The Use of Task-Sharing to Improve Treatment Engagement in an Online Mindfulness Intervention for Stress among Chinese College Students
Traditional in-person psychotherapies are proving incapable of addressing mental health needs globally. Computer-based interventions are one promising solution to closing the large gap between mental health treatment need and actual treatment received. The overarching aim of this study is to contribute to the body of literature focused on providing new insights into effective ways of leveraging technology to implement large-scale mental health initiatives that are financially feasible, easily transportable and quickly scalable in low-resource setting. Although many meta-analyses have provided evidence to support the efficacy of self-guided, computer-based interventions, most report low rates of treatment engagement (high attrition, low adherence). Accordingly, this dissertation investigates the efficacy of an adjunctive treatment component that uses task-sharing, where mental health care is provided by non-specialist providers (NSP; e.g., nurses, clergy, community members), to enhance engagement in a self-directed, web-based mindfulness intervention for stress and depression among Chinese students.
Fifty-four students from 36 universities across China reporting at least mild stress, anxiety and/or depression were randomly assigned to a brief (4-week online mindfulness intervention (MIND) or to the intervention plus NSP support (MIND+). Fifty-six volunteer NSP candidates without formal training in the delivery of mental health services were screened, ten were invited to participate in a 1-day training, and four were selected. NSPs were instructed to provide six brief (15-20 minute) weekly meetings, with the intention of supporting and encouraging participants in their completion of the online intervention. NSPs received weekly online group supervision. Participants completed daily monitoring of mindfulness practice and mood, as well as baseline and post-treatment self-report packet assessing depression, anxiety and stress symptoms and trait mindfulness.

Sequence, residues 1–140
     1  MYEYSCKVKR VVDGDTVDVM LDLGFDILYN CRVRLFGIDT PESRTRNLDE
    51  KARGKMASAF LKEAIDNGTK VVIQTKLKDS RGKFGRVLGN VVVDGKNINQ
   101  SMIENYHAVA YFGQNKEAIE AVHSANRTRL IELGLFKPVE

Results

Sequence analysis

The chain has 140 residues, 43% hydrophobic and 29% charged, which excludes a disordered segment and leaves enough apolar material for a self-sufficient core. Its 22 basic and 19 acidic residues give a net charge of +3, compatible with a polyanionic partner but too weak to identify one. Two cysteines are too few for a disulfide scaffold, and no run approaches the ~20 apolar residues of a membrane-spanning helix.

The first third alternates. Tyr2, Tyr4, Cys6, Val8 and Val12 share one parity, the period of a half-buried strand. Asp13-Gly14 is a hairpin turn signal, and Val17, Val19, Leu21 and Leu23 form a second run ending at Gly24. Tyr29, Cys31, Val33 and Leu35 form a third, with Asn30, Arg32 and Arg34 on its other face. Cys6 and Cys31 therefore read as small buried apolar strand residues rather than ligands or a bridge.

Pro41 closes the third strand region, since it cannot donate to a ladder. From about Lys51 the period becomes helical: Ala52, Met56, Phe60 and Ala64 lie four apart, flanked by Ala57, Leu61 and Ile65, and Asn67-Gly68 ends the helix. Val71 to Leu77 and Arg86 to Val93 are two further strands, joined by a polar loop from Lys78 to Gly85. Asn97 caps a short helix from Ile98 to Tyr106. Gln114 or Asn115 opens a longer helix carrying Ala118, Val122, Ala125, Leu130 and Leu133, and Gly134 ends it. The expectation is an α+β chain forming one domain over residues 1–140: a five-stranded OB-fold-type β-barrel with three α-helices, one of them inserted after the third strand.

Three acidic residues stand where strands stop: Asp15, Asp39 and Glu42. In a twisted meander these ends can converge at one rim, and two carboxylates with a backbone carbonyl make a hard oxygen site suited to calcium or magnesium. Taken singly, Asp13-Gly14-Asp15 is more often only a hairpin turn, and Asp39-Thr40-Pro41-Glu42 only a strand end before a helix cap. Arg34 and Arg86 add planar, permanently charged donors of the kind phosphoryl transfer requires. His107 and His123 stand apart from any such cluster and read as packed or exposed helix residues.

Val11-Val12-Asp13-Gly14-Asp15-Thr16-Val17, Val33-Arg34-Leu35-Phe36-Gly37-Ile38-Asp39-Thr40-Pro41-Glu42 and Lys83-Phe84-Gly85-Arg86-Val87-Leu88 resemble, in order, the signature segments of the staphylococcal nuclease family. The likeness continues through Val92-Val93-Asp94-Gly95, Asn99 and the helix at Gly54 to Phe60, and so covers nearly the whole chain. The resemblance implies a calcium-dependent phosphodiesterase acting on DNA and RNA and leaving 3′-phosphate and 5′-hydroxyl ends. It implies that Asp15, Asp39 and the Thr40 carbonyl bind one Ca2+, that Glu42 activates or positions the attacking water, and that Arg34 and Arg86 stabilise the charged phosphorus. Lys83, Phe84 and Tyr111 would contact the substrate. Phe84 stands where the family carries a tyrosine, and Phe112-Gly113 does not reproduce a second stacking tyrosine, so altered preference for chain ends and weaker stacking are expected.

The study found that participants assigned to the MIND+ (vs. MIND) condition showed significantly less attrition and more adherence, as indicated by a greater likelihood of completing post-treatment assessments and a greater percentage of course completion, respectively. There were no significant between-group differences in daily self-reports of frequency and duration of mindfulness practice across the trial. However, results indicated that participation in the online intervention was associated with significant improvements in pre- to post-treatment mindfulness and mental health outcomes. In addition, individuals in the MIND+ condition reported significant improvements in daily ratings of stress and depression across the trial, compared to individuals in the MIND condition. These findings suggest that volunteer NSPs receiving brief training and weekly supervision may significantly improve participants’ indices of treatment engagement and mental health outcomes in an online mindfulness intervention among college and graduate students in China.
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